Although Swachh Bharat Abhiyan has sent India on a toilet construction spree, 51.6 per cent of households across the country did not use an improved sanitation facility — a system that separates human excreta from human contact — between January 2015 and December 2016. Household toilet availability has improved from 41.93 per cent in 2014 to 63.98 per cent in 2017, and Himachal Pradesh, Sikkim and Kerala have achieved 100% open defecation-free (ODF) status, data from the Ministry of Drinking Water and Sanitation show (as of May 22, 2017). However, almost all the progress reported by the ministry has been through no third-party verification, due to which the World Bank is holding off a $1.5 billion loan it had promised.
While Swachh Bharat Mission-Gramin guidelines clearly envisage a yearly, country-wide, independent third-party assessment of the sanitation status of rural areas, there has been no independent monitoring so far. The World Bank, which had promised a loan of $1.5 billion for Swachh Bharat Mission-Gramin — the rural arm of the mission — has not released the first instalment which was due in July 2016 because India has not fulfilled the condition of conducting and announcing results of an independent verification survey.
It has rated the overall implementation progress of the programme as “moderately unsatisfactory.” Since 2014, 40 million household latrines have been constructed. Between May 1 and May 21, 2017, 489,710 individual household latrines were constructed across the country, data accessed on May 22, 2017 from the Swachh Bharat Mission-Gramin website show. That’s an average of nearly 25,000 toilets constructed per day.
Gram panchayats have self-declared 193,081 villages to be ODF, but 53.9 per cent of these have not been verified, according to the Ministry of Drinking Water and Sanitation, which is responsible for Swachh Bharat Mission-Gramin, which accounts for 85 per cent of Swachh Bharat Mission’s budget. (Data accessed on May 22, 2017).
Villages are considered “open defecation-free” when no faeces are openly visible and every household and public/community institution uses safe technology to dispose of faeces in such a way that there is no contamination of surface soil, groundwater or surface water; excreta is inaccessible to flies or animals, with no manual handling of fresh excreta; and there are no odour and unsightly conditions.
Usually, an “ODF village” declaration is made by the village or gram panchayat. The state government is supposed to carry out a first verification within three months, and a second verification around six months after the self-declaration.
As of 2016, 36.7 per cent of rural households and 70.3 per cent of urban households — 48.4 per cent of households overall — used improved sanitation facilities, data from the National Family Health Survey 4, which was conducted between January 2015 and December 2016, show. A majority, 51.6 per cent, did not. Improved sanitation facility means having a system that separates human excreta from human contact which includes piped sewer system, septic tank, pit latrine, etc.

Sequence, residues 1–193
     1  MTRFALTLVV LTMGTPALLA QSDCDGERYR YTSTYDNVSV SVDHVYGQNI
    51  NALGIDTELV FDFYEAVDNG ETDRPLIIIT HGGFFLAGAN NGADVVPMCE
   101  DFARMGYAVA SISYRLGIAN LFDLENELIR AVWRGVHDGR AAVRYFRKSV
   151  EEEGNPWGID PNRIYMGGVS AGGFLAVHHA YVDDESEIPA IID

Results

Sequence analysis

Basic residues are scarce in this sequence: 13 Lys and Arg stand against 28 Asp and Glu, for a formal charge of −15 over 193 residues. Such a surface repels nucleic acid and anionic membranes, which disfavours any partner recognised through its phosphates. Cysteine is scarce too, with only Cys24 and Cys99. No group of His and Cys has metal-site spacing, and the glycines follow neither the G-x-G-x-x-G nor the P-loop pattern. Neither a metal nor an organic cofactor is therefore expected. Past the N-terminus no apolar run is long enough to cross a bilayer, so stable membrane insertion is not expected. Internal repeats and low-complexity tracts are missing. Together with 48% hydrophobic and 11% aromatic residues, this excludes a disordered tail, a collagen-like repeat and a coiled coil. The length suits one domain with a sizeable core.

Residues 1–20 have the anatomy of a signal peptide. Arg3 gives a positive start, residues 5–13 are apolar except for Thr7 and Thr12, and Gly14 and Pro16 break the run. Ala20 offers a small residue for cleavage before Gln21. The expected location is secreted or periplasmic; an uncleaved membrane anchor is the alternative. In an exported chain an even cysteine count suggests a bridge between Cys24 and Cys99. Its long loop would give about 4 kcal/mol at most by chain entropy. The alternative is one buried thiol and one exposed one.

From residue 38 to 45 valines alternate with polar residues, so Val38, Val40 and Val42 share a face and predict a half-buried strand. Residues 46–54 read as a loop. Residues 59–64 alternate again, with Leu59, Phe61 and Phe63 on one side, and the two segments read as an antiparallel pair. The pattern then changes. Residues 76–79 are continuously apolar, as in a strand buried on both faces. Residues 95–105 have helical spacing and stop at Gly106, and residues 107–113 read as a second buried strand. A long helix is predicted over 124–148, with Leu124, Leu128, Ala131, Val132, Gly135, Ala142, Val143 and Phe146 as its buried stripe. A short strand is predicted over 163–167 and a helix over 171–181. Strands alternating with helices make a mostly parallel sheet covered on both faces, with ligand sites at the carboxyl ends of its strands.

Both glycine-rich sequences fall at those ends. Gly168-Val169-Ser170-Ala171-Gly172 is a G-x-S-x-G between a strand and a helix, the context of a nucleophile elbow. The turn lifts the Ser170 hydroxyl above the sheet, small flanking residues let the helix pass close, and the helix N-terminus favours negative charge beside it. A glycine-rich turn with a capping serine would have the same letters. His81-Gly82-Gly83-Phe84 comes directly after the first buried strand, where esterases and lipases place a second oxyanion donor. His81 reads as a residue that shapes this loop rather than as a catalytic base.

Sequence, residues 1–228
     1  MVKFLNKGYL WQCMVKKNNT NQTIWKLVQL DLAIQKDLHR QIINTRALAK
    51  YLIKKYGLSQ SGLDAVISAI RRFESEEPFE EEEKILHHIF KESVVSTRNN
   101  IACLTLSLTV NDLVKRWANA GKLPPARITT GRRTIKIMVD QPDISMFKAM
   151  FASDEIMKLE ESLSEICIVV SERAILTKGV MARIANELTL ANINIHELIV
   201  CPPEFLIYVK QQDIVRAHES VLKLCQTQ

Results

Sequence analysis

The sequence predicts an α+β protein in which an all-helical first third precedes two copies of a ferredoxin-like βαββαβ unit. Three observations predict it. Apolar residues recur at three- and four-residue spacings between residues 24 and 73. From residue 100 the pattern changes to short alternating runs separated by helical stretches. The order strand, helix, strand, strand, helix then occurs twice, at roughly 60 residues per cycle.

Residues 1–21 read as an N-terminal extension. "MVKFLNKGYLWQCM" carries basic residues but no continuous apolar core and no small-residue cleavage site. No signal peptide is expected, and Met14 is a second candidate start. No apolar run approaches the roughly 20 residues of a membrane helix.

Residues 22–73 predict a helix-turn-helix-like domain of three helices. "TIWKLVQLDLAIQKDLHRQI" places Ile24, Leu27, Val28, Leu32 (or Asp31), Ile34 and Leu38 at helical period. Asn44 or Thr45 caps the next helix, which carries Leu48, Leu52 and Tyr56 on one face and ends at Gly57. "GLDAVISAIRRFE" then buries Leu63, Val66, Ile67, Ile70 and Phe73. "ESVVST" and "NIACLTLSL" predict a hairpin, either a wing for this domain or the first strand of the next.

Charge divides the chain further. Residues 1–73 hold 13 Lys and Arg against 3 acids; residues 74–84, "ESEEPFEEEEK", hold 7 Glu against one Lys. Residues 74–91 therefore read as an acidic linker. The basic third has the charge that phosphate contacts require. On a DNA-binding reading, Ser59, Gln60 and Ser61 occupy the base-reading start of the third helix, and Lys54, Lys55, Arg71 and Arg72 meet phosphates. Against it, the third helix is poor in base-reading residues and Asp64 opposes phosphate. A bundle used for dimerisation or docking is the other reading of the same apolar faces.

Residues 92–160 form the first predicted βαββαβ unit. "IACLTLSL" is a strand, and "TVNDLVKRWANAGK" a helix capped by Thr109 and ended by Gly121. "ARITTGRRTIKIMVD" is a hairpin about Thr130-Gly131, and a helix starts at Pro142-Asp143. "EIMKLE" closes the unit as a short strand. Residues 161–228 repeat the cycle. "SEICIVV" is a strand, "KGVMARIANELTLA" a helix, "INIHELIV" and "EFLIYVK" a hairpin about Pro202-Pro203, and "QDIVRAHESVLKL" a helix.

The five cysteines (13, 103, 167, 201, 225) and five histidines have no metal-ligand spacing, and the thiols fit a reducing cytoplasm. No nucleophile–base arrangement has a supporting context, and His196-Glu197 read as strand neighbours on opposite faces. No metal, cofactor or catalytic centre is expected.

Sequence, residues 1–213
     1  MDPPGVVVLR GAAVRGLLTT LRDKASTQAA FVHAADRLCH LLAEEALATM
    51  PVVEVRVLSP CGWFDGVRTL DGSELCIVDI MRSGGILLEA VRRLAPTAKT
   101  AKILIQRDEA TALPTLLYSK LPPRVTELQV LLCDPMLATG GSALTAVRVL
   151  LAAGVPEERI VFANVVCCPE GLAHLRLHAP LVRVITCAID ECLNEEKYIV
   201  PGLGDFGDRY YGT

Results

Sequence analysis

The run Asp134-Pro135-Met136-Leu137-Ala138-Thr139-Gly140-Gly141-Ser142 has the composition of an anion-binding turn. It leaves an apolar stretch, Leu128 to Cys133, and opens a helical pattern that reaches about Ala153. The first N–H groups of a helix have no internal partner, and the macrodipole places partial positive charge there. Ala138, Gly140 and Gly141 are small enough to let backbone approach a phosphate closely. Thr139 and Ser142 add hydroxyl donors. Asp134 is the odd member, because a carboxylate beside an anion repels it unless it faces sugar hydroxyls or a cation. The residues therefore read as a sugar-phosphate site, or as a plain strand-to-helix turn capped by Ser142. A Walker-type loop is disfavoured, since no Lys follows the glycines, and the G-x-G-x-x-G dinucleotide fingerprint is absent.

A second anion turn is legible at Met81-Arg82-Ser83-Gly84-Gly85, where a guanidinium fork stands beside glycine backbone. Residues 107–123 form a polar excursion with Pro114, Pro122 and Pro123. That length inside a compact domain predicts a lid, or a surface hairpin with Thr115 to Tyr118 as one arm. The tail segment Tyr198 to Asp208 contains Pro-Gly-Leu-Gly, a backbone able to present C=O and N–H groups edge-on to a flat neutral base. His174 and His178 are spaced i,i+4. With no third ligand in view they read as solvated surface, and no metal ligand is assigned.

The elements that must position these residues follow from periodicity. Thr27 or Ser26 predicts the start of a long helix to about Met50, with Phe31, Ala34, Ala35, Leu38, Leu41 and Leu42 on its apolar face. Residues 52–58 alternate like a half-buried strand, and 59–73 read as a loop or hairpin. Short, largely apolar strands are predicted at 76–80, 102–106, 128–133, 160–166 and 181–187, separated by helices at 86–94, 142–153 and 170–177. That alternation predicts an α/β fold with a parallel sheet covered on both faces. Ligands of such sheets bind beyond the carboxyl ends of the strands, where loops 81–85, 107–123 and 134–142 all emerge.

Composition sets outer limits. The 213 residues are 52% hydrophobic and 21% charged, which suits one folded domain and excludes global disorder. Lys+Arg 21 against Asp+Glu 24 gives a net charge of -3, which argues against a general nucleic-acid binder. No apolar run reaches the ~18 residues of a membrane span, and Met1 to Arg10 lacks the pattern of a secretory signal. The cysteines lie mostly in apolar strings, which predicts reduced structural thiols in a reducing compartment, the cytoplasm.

About 47 per cent of those who defecated in the open said they did so because it was pleasant, convenient and comfortable, a 2014 survey of 3,200 households in five states with the highest rates of open defecation found. Among households that had built a latrine, 40 per cent had at least one family member defecating in the open, the study conducted by the Research Institute for Compassionate Economics found.
“Programmes must concentrate on behaviour change and promoting latrine use, rather than building latrines. Although building latrines could be part of a successful policy package, little will be accomplished by planning to build latrines that will go unused,” the authors noted.
Indians’ preference for open defecation has to do with the practice of untouchability and beliefs about purity, according to this 2017 study by the same institute.
Through quantitative and qualitative studies, they found people considered having and using pit latrines impure and polluting. “Open defecation, in contrast, is seen as promoting purity and strength, particularly by men, who typically decide how money is spent in rural households,” the study found.
Since the focus of Swachh Bharat Mission-Gramin is on behaviour change, the guidelines require that eight per cent of the funds be allocated for information, education, and communication (IEC) activities.
During the 2016-17 financial year, one per cent of the total expenditure had been made on IEC up to January 2017, according to Accountability Initiative’s budget brief. In contrast, 98 per cent of the funds had been spent on construction of toilets in individual households.
Duplicate entries, ghost beneficiaries and missing households were the first stumbling block that researchers from the Accountability Initiative of the Centre for Policy Research faced while tracking beneficiaries of the government’s sanitation interventions across 7,500 households in 10 districts and five states in a December 2015 study.
Eventually, they studied 1,500 households that they could identify from the list. They found that a third of the households that government records showed as having achieved “sanitation status” actually had toilets, while 36 per cent that had constructed toilets said these were unusable.
Of the households with a latrine which had at least one member of the family defecating in the open, the most common reasons cited were absence of water and the pit being too small.
Further, 40 per cent of those who had applied for money from the government to build toilets reported not receiving it.
As many as 3.1 million (88 per cent) household toilets have been built in urban areas, against a target of 3.5 million for 2017-18, according to the Swachh Bharat Mission-Urban website. Also, 115,786 (56 per cent) community toilets have been built against a target of 204,000.